Fall 2020 In-Person Library Services FAQ

The Collins Library is providing limited local services for students and faculty who can visit the Library. Below is a series of FAQs that provide information on requesting books, using our space, and other details of local service.

  • Is the library open?
    Collins Memorial Library is not currently open for full library services in-person. However, the reading room is open, and study spaces can be used by current University of Puget Sound students using our reservation system. Current hours of operation can be found on our website.

  • How do I make a seat reservation to study in the library?
    Students can reserve space in our reading room via our seat reservation system.
  • Can I book a group space in the library?
    No, in order to keep users socially distanced the library does not have group study spaces available at this time.
  • Do I need a reservation to print?
    No, you don’t need a reservation to enter the building to use the printers located in the library’s reading rooms. Other questions related to printing on campus are best addressed by Technology Services.
  • Are the stacks open?
    No, the stacks at the library are currently closed for browsing, but University of Puget Sound users can place holds on books via Primo.
  • Can I request a book from the library? How long does it take?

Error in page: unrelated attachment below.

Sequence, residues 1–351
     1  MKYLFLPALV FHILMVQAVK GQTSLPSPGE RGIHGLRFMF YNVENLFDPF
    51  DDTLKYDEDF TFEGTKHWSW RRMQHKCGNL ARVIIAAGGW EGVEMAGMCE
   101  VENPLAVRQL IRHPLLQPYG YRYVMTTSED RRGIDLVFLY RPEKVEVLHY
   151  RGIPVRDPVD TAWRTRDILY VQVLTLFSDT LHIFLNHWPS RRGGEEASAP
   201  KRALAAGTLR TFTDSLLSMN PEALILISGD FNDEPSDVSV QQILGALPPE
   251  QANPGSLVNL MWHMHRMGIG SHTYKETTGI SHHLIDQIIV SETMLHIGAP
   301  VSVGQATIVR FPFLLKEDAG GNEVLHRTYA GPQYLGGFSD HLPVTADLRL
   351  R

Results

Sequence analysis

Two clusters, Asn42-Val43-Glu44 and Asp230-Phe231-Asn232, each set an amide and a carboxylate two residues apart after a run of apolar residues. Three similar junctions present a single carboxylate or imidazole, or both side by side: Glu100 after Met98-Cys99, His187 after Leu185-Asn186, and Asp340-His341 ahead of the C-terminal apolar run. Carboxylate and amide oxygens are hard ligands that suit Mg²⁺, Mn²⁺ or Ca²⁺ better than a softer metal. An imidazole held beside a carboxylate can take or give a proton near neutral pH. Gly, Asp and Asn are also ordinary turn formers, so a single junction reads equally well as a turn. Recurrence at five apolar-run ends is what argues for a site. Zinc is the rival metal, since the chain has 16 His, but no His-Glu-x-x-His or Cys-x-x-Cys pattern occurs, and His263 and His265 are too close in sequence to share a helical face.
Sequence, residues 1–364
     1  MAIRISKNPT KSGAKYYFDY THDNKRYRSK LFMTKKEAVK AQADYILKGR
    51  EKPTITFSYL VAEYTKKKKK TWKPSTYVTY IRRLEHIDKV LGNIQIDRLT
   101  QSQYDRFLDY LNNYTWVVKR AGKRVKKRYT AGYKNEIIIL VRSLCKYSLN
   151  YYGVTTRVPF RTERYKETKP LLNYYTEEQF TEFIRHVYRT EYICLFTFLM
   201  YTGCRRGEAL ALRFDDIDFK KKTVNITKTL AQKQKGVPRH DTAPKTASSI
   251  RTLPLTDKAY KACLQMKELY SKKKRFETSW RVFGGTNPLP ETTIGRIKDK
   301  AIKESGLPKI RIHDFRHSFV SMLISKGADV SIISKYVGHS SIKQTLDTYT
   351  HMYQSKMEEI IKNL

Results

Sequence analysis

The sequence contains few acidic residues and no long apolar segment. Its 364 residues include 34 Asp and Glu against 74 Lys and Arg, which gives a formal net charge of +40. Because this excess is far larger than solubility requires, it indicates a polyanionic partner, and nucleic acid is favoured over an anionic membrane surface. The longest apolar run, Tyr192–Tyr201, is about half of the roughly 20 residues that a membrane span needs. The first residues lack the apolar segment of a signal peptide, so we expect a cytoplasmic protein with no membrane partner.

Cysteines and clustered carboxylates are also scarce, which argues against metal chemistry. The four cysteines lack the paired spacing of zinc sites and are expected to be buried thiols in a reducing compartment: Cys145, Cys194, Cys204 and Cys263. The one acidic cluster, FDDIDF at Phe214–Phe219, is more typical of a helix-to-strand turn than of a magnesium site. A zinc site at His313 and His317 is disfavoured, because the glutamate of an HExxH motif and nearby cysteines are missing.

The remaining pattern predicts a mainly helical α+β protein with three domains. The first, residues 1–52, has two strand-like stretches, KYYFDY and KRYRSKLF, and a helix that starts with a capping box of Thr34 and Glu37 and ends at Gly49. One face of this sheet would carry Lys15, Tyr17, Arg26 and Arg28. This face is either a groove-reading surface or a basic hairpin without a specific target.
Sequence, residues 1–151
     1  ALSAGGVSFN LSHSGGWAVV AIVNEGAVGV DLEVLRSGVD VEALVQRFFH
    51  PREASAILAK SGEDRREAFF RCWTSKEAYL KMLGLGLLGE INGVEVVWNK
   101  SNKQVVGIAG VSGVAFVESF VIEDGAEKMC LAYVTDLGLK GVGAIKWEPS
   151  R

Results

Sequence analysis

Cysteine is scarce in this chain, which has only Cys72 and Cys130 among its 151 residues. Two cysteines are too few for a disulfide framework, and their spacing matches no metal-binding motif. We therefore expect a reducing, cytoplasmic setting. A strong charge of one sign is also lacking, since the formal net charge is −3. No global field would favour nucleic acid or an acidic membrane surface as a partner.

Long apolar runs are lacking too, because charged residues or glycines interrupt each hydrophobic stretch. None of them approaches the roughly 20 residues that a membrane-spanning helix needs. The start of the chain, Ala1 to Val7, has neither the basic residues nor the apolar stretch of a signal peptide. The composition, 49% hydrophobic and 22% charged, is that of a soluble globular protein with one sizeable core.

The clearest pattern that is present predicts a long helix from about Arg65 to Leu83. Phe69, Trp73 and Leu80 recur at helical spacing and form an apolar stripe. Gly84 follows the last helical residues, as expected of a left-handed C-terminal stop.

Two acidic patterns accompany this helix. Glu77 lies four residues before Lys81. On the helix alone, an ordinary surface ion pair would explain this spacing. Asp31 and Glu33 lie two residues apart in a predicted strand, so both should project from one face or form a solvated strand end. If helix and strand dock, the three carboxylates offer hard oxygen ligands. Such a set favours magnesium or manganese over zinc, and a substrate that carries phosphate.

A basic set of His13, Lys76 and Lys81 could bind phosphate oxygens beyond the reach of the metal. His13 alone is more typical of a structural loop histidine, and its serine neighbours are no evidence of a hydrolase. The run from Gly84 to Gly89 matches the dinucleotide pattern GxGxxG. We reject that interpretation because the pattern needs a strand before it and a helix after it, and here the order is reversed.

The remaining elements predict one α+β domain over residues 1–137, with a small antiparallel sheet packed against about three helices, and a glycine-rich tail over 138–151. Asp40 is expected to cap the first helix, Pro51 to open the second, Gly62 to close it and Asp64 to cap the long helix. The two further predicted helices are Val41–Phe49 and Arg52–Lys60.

Yes, you can place holds on books via their records in Primo by clicking the Request Collins copy for Tacoma pickup link. Requests take 2-3 days to be fulfilled.

    • Users will be notified by email when the requested book becomes available for pickup in the library lobby.  You may pick up your books at any time when the library is open.
    • Summit items from the Orbis Cascade Alliance can be requested and that the turnaround time is 7-10 days to take into account the limited hours which most libraries are operating, shipping time as well as quarantine time.
  • Can I request scans of printed materials?
    Yes, students may request that portions of print books be scanned. When signed in to Primo, a link will appear in the Primo record that alerts users to this service.
  • Can alumni and visitors use the library?
    The library is not currently open to alumni or the public at this time.
  • How can I return books?
    Books can be returned any time through the exterior book drop or mailed back. Once items are checked in any overdue fees will be waived.
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From the Archives & Special Collections: The Abby Williams Hill Journals

In August 2019, the Archives & Special Collections received a Washington Digital Heritage grant to digitize, transcribe, and make available online nine journals written by the artist Abby Williams Hill (1861-1943). These journals focus on Hill’s travels throughout the United States between 1895 and 1906 and provide a unique female perspective on significant issues affecting the nation at that time, including education, tourism, and the rights of women, African Americans, Native Americans, and the working class. Over the next nine weeks, we’ll be using the blog series to highlight each of the journals and their significance for researchers. Abstracts for all of the journals can be found here.